For lots of excited fans, summertime means music festivals and concerts with their favorite artists. This usually entails a good amount of wandering about a venue for food, singing along with the best songs, and more. Individuals with disabilities, believe it or not, also enjoy going to shows and concerts, but often their experience is a little different from attendees who are able-bodied.
Depending on the mobility of the individual, physically getting to the location and finding a seat can be a challenge in and of itself. Often, concert goers who use a wheelchair or power chair to navigate have to jump through lots of hoops to ensure that their seats are wheelchair accessible. Few if any ticket sale websites can “check” to ensure that the person purchasing a wheelchair accessible seat actually needs the accessibility.
Additionally, ticket sales websites like TicketFly and Ticketmaster may not communicate with the actual concert venue with any frequency, so for people in need of accessible seating, finding the right person can be a nightmare. One unfortunate soul spent a month being bounced from the ticket sales company to the venue and back and forth again before finally procuring accessible seating her her and her boyfriend with cerebral palsy.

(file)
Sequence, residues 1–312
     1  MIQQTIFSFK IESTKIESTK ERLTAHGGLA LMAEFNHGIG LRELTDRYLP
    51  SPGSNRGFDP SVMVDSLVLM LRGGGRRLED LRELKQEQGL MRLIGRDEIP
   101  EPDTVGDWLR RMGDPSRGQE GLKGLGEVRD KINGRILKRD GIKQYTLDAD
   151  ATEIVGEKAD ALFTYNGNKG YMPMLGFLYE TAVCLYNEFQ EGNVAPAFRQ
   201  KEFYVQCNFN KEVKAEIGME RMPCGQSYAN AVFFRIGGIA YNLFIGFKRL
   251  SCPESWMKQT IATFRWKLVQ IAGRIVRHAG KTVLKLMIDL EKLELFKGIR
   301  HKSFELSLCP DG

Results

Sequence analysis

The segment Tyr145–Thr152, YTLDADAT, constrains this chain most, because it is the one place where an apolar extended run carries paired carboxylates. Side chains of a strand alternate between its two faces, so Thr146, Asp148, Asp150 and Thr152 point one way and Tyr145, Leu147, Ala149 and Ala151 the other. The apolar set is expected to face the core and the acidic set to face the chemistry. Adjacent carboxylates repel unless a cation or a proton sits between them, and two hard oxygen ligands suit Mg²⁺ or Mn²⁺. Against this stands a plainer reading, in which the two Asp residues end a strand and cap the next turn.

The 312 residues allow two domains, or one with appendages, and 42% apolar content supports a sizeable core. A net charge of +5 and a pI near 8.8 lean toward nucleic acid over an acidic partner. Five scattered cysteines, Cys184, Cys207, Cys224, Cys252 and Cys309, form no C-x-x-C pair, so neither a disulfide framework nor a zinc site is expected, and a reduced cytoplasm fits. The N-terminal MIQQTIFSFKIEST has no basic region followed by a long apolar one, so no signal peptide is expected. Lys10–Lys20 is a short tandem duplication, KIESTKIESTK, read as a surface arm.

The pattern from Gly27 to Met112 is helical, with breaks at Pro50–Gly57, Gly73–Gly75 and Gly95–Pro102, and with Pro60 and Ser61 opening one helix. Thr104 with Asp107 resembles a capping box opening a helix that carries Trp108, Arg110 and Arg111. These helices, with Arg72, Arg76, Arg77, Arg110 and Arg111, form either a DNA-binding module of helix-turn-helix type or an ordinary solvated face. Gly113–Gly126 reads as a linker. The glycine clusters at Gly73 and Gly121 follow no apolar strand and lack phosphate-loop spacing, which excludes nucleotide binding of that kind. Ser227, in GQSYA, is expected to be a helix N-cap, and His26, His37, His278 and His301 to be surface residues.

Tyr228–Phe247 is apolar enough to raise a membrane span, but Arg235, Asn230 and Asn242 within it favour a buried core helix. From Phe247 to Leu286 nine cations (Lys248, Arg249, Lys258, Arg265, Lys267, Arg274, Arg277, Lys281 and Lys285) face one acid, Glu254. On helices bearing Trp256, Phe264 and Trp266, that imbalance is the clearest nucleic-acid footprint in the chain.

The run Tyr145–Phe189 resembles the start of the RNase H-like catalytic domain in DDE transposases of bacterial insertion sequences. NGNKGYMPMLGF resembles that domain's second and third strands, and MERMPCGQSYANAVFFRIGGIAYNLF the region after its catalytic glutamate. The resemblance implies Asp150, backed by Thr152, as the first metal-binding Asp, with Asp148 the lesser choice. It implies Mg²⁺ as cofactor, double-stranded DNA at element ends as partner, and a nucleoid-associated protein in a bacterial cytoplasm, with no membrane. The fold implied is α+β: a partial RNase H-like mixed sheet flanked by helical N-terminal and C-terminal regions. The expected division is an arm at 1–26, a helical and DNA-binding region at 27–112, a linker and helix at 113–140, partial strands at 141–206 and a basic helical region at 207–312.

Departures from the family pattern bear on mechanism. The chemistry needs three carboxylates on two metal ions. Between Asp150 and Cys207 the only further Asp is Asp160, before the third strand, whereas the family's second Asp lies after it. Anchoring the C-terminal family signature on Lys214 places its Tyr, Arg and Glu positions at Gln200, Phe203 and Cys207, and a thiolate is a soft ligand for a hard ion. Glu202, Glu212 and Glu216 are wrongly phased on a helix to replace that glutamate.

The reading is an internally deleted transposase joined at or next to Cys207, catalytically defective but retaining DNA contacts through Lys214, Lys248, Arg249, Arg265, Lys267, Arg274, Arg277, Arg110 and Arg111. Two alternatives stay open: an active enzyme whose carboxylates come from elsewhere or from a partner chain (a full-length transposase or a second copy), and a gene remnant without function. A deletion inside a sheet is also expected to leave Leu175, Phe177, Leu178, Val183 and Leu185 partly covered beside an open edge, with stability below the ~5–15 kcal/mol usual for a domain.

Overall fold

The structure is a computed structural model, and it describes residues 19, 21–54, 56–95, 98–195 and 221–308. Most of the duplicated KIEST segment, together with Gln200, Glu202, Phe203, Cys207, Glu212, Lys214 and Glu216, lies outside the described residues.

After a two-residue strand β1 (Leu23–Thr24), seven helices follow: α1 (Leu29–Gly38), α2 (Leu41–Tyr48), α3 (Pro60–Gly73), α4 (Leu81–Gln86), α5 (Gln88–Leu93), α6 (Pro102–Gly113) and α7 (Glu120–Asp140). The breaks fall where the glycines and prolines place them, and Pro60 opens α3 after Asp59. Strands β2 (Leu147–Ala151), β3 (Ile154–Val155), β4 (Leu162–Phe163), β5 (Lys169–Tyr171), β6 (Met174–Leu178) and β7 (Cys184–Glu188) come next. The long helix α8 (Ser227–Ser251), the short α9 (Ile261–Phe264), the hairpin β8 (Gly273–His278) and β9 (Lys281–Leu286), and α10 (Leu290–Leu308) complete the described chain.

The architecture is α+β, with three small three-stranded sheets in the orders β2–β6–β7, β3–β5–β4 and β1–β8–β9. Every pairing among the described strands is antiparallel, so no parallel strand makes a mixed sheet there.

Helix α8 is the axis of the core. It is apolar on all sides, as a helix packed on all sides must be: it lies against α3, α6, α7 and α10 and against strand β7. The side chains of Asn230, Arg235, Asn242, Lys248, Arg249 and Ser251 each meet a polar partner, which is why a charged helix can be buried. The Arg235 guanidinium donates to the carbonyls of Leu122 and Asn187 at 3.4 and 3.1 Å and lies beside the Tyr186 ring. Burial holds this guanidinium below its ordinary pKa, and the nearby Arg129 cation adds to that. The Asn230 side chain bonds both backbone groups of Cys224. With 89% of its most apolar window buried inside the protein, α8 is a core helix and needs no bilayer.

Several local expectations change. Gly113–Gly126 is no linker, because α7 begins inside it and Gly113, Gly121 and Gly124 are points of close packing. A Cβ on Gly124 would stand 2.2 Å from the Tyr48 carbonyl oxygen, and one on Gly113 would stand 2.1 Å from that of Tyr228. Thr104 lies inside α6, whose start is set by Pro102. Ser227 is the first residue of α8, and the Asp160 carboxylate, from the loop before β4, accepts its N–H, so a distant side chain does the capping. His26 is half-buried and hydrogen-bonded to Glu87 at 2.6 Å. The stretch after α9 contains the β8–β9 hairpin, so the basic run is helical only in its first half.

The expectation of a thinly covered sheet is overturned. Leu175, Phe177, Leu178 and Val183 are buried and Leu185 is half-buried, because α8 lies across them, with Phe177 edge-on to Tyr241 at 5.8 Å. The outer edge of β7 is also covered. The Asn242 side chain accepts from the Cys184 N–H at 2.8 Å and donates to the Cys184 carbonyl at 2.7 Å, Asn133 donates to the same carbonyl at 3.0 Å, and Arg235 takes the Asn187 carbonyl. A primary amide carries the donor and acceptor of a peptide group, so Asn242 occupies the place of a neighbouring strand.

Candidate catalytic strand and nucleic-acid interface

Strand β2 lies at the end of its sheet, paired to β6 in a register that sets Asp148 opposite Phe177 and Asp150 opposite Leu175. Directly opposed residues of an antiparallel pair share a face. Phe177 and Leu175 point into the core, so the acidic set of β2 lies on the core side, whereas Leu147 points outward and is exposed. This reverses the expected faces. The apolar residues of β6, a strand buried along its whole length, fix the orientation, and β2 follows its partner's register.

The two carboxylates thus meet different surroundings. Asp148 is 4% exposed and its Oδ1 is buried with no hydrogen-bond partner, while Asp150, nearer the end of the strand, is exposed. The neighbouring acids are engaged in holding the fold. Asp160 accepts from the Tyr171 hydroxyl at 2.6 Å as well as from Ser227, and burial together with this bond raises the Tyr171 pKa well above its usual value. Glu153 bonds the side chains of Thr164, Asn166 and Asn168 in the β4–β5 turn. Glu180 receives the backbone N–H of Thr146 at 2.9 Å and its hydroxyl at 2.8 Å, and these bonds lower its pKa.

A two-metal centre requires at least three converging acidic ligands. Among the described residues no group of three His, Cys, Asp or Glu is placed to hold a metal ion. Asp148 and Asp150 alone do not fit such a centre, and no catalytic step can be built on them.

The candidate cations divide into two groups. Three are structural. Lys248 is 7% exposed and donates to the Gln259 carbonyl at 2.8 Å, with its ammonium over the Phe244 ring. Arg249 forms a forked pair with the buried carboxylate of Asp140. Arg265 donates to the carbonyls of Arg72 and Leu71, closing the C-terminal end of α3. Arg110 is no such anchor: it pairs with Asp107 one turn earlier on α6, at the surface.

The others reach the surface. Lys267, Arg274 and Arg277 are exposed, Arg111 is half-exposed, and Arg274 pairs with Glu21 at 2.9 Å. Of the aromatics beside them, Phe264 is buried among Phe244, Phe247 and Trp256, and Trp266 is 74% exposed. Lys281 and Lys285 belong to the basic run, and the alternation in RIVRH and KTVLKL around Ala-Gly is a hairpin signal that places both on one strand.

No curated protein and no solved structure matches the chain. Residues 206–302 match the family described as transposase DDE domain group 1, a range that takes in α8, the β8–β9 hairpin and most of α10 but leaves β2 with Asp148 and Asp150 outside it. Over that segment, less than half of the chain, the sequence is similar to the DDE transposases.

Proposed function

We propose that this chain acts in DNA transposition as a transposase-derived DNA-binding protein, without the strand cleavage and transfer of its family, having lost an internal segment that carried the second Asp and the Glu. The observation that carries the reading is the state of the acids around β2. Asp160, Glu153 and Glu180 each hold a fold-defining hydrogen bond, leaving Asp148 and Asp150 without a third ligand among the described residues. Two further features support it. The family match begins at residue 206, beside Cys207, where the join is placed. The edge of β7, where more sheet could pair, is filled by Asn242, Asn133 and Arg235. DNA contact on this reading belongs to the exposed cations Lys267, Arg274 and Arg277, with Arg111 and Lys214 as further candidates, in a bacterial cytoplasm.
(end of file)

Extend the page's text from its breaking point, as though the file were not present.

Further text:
Other disabilities can impact the concert going experience, too. Recently, one woman’s video went viral on social media after a concert goer recorded her translating an entire Snoop Dogg concert into sign language in front of a large crowd of fans. Those who are hard of hearing or live with significant hearing loss still enjoy the experience of attending concerts and seeing their favorite performers live among others who admire the artist. However, for them to fully enjoy the experience, some need friends or professionals to translate the performance into sign language for them to understand.
Holly Maniatty has been signing rap shows and festivals for sixteen years and has translated the work of such artists as Jay-Z, Eminem, and the Wu Tang Clan. Professionally, Maniatty is an independent contractor hired by the disability department of a festival or concert. To prepare, Maniatty and her team spend weeks studying the lyrics and meter of the songs so that they can sign not only the literal translations to the dense lyrics, but also provide the appropriate body language to accompany them.
People with disabilities have favorite artists just like able-bodied people and enjoy being in the company of others who enjoy the performers. Although their experience is a little different, they love the rush of the crowd and the acceptance they find in music.
from Alan Rasof, Raising Awareness http://ift.tt/2rhDVjO